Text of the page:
nonlinear and also nonconvex deterministic substitute problems can be solved by approximate methods only. Two basic types of deterministic substitute problems occur mostly in practice cost minimization subject to expected recourse (correction) cost: Minimization of the expected primary costs subject to expected recourse cost constraints (reliability constraints) and remaining deterministic constraints, e.g., box constraints, and minimization of the expected total costs (costs of construction, design, recourse costs, etc.) subject to the remaining deterministic constraints. After an introduction into the theory of dynamic control systems with random parameters, the major control laws are described, as open-loop control, closed-loop, feedback control, and open-loop feedback control, used for iterative construction of feedback controls. Taylor expansion methods are considered for solving stochastic optimization problems involving expected cost or loss functions. Applications of Taylor expansion methods to control problems with linear and sublinear cost functions and the computation of stochastic open-loop controls for tracking problems complete Chap. 1. A detailed presentation of the optimization of regulators under stochastic uncertainty is as follows in Chap. 2. Optimal stochastic open-loop control problems with more general dynamic equation are examined in Chap. 3. The construction of optimal feedback controls for control problems with random parameters by means of homotopy methods can be found in Chap. 4. Limit state functions for applying in reliability-based design problems arising in static and timedependent stochastic optimization problems are constructed in Chap. 5. For the numerical solution of the deterministic substitute problems as arising in the treatment of stochastic optimization and stochastic optimal control problems as considered in Part I, efficient numerical optimization routines are needed. Besides mathematical optimization techniques, one of the major methods for solving deterministic parameter optimization problems, as arising in the handling of optimization and optimal control problems with random parameters in Part I, are stochastic search methods. For many years, mostly (deterministic) mathematical programming (MP) procedures were used to solve (approximately) deterministic parameter optimization problems, hence, mathematical programs. However, due to the complexity of concrete optimization/control problems and their often lack of mathematical regularity as required of MP techniques, other optimization techniques like random search methods (RSM) became increasingly important. Hence, in the second Part II of this monograph basic results on the convergence and convergence rates of random search methods are presented. Moreover, methods, based on optimal stochastic decision processes, for the improvement of the—sometimes very low—convergence rates are presented: After the description of important classes of random search methods, such as random direction methods and procedures with absolutely continuous mutation sequences, conditions are considered which guarantee the convergence of random search methods. Moreover, convergence rates are determined. In order to improve the convergence behavior of RSM, the random search procedure is embedded into a stochastic decision process for an optimal control of the probability distributions of the mutation random variables. Basic theoretical results on the convergence and convergence rate of random search methods are taken from the doctoral thesis of G. Rappl. Several mathematical prerequisites are provided in the appendix.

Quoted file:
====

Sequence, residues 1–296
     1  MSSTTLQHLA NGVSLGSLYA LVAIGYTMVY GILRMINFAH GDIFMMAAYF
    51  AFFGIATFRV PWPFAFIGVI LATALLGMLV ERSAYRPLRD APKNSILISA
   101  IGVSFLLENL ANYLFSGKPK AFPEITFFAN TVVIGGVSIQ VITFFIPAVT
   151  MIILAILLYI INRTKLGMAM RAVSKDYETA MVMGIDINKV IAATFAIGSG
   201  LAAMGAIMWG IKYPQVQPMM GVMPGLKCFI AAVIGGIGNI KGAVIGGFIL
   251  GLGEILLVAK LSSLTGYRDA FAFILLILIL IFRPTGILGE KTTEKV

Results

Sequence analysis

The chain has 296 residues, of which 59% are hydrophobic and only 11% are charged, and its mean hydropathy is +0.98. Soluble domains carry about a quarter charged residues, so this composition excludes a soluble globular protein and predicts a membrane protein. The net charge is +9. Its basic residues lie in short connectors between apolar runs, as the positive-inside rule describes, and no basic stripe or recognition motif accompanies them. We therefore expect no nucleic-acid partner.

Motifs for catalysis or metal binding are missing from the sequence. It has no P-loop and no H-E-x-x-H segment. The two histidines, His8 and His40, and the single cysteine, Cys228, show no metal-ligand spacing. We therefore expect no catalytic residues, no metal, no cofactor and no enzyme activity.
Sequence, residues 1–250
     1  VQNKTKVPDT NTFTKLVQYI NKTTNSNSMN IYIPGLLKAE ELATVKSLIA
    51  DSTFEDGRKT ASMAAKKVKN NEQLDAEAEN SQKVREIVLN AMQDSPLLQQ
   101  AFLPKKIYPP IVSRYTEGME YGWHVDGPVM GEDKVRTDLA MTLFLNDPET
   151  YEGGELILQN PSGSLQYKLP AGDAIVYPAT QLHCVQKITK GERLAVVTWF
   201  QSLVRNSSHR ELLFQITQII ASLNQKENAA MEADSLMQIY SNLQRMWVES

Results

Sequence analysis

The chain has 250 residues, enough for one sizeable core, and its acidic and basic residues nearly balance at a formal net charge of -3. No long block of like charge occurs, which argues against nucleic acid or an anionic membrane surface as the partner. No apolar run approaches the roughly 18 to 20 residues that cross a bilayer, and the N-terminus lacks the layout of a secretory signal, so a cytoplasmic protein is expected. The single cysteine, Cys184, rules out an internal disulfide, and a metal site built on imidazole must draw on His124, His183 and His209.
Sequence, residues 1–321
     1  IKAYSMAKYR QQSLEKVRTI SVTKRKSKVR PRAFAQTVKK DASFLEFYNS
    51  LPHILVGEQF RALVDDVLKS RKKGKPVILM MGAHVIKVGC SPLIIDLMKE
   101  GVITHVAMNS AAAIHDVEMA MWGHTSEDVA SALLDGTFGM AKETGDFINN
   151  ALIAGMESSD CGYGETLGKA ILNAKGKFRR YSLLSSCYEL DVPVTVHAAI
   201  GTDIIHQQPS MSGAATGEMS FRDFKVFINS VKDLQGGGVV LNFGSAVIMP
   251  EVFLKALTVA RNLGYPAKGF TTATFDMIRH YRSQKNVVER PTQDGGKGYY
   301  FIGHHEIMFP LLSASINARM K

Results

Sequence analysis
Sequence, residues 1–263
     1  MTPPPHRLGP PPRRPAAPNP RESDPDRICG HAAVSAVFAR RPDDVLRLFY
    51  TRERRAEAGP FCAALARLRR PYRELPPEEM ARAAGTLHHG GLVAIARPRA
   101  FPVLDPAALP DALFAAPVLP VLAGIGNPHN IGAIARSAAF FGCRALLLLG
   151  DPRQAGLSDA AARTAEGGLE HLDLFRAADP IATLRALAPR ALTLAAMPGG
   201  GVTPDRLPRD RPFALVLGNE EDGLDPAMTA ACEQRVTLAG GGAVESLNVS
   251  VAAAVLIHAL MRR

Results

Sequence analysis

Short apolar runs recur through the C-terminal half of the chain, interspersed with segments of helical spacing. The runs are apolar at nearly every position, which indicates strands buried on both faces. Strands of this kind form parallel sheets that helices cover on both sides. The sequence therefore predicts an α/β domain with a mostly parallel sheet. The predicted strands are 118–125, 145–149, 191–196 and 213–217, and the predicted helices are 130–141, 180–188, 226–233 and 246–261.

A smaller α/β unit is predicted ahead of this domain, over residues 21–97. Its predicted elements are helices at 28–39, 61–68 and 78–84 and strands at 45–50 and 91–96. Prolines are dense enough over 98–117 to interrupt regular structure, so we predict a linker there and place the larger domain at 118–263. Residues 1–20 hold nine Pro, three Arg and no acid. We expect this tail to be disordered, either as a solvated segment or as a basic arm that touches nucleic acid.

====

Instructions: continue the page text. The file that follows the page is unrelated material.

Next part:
Preface